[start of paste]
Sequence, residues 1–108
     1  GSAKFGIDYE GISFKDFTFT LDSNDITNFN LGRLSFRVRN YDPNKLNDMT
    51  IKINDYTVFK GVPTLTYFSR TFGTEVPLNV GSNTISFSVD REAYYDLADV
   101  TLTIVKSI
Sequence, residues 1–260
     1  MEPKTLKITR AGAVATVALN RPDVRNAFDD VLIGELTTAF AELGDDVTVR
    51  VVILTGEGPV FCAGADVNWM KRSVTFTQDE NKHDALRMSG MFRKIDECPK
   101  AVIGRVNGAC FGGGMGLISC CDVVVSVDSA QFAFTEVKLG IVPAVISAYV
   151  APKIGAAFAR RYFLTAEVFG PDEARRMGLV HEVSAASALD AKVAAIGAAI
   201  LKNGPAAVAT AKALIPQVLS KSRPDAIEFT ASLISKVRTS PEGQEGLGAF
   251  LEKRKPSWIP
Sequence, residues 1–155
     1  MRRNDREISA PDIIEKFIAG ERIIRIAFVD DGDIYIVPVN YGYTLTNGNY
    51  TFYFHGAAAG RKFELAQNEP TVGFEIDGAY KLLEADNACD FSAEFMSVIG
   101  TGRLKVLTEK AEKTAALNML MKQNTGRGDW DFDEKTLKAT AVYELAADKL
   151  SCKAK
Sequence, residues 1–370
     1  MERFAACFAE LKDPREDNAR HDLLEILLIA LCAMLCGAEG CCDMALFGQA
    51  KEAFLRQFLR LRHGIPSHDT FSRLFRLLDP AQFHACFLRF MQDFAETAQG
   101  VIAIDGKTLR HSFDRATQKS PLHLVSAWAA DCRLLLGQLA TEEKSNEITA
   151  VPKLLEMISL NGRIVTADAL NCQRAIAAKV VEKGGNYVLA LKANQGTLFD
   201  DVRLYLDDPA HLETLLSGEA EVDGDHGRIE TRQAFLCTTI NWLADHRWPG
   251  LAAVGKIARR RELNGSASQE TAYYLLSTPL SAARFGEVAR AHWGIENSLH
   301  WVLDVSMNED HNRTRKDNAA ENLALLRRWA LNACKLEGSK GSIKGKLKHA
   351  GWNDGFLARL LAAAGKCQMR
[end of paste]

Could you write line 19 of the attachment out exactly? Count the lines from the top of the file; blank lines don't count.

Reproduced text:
    51  KEAFLRQFLR LRHGIPSHDT FSRLFRLLDP AQFHACFLRF MQDFAETAQG